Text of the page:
Was the Stockholm Internet Forum More Than Nice Words?
In his ending keynote Carl Bildt, Minister for Foreign Affairs in Sweden, had many nice words to say about the future for Internet Freedom and what ought to apply but the question is how much of those where just words. He mentioned how “freedom on and off the net is an absolute key value today” but deflected the question about the data retention directive through referring to Sweden not having a choice about it. Bildt still compared his country to being better than USA in this aspect, even going as far as considering Europe to be a model for the USA in the area of surveillance.
Carl Bildt admits some wrong-doings in regards to the data retention directive in Sweden and says that “we haven’t done it completely right”. He goes on praising the freedom of speech in Sweden that he says is probably the strongest in the world, but avoids mentioning what kind of effects mass surveillance has in shaping self-censorship amongst people. He follows up being very proud that Sweden “is a country that censors nothing”. Bildt says that “the net is a reflection of society”, which he says is mostly good but also contains bad parts that need to be taken care of. In effect, a justification for applying mass surveillance in Sweden despite claiming that “human rights that are there offline, should apply equally (in the same way), online”.
The audience brought up the question about Sweden not offering Snowden asylum. Carl Bildt responded that he feels the question has been sorted out already and that Sweden ruled it out because Snowden “chose Russia first” which concluded the need for Sweden to offer asylum according to Carl Bildt. He also rejects the notion that Snowden’s revelations have been of importance by calling Snowden a “late-comer” and saying that Sweden had debated this “long before”.
Carl Bildt did not attend the Stockholm Internet Forum apart from the closing key-note and the first half of the following panel-debate. He left the conference “at his son’s insistence that he attends his end of year performance” which in effect cancelled the media session with him which was supposed to take place afterwards. A short media session was made at 13:00 and announced 30 minutes before that, through mail to the media present, which in effect limited the possibility for most to attend and ask harder questions about net freedom. With the main organizer gone during most of the conference and with some of the most important net freedom fighters (Snowden, Applebaum, Greenwald and Wikileaks) not invited one can ask how much impact the conference will have on the future fight for net freedom.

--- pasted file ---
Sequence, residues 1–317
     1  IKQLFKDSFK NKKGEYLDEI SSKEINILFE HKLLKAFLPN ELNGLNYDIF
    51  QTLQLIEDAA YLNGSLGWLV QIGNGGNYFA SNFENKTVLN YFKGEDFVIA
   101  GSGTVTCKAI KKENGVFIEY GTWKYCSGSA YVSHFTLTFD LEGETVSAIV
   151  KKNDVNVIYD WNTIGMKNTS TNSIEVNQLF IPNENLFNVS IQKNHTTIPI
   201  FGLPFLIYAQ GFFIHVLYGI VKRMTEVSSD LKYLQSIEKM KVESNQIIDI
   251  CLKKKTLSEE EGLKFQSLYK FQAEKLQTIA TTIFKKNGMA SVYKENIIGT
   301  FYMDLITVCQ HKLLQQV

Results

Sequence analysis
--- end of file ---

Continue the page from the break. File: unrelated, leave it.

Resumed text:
During the following panel debate it was discussed that “every country in the world does some type of surveillance, even before the internet”. Rasha Abdulla, Professor of mass communication in Egypt, said that “as a media scholar, I have seen nothing that is justification for mass surveillance”. Throughout the different panel debates the questions from the audience have been direct, poignant and difficult at times. Christopher Painter, Coordinator for Cyber Issues in the U.S. Department of State, was called out as hypocritical by the moderator as a consequence of the audience laughing when he said that the US doesn’t conduct mass surveillance.
At the end of the conference the conversation shifted to ‘ways to move forward on net freedom’. Some of the way mentioned was through building communities, bringing in news media to discussions on surveillance, forming media relationships, more discussions at high-level meetings and bringing other contexts to the debate in order to increase insights. Ending the conference the moderator raised an open question to the audience asking what they brought with them from SIF14 – It was followed by a very quiet audience until some participants brought up mostly critique in different forms asking for a more honest debate and criticizing the lack of “revolutionary ideas”.
One of the participants said that getting together once a year and talking about these issues did not bring enough. Citizens and young people are starting to believe that surveillance is necessary. “It doesn’t matter what we believe, since we are a very small number of people. Democracy will decide in the end”. What is needed is to bridge the digital divide between the ones that know and does that don’t. There is a need to bring people not already in the “know” to these type of meetings as well.
We’ve heard some names repeatedly, what disappoints me is that we haven’t heard other people’s name that have been jailed and put away for what they have done for Internet Freedom
Another participant complained that SIF was basically the same as last year and said that it needs to move to the next level with more concrete results coming from the conference. An example of how to do this practically is how the Netmundial sends document before conference, then works and improves them based on feedback. This is then repeated at other conferences where the same papers are sent around and improved several times before finalizing them. Having a conference like SIF is not working, since participants have “nothing concrete to work together on after the conference”. If there was a paper you had in common then you would have many more reasons to keep in contact with others.
Despite negativity around outcomes of conference #SIF14 managed to bring together hundreds of courageous people to meet, connect and debate important issues.
We wrote about day 1 of the Stockholm Internet Forum previously. This article portrays the second day of the conference. One of the main goals of the conference was to promote internet freedom.
Featured image: CC-BY-NC-SA, Javier Volcan